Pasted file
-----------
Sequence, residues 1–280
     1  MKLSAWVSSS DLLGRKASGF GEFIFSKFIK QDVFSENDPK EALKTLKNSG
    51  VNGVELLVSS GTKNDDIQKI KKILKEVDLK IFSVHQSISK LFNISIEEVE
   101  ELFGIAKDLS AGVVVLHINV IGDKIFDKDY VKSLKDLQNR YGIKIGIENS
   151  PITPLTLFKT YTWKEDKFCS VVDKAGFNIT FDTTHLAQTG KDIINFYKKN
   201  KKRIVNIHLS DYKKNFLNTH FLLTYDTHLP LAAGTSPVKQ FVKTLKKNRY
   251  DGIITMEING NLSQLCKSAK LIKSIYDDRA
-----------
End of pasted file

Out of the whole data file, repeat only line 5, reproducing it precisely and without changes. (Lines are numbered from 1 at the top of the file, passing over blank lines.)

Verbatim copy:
   151  PITPLTLFKT YTWKEDKFCS VVDKAGFNIT FDTTHLAQTG KDIINFYKKN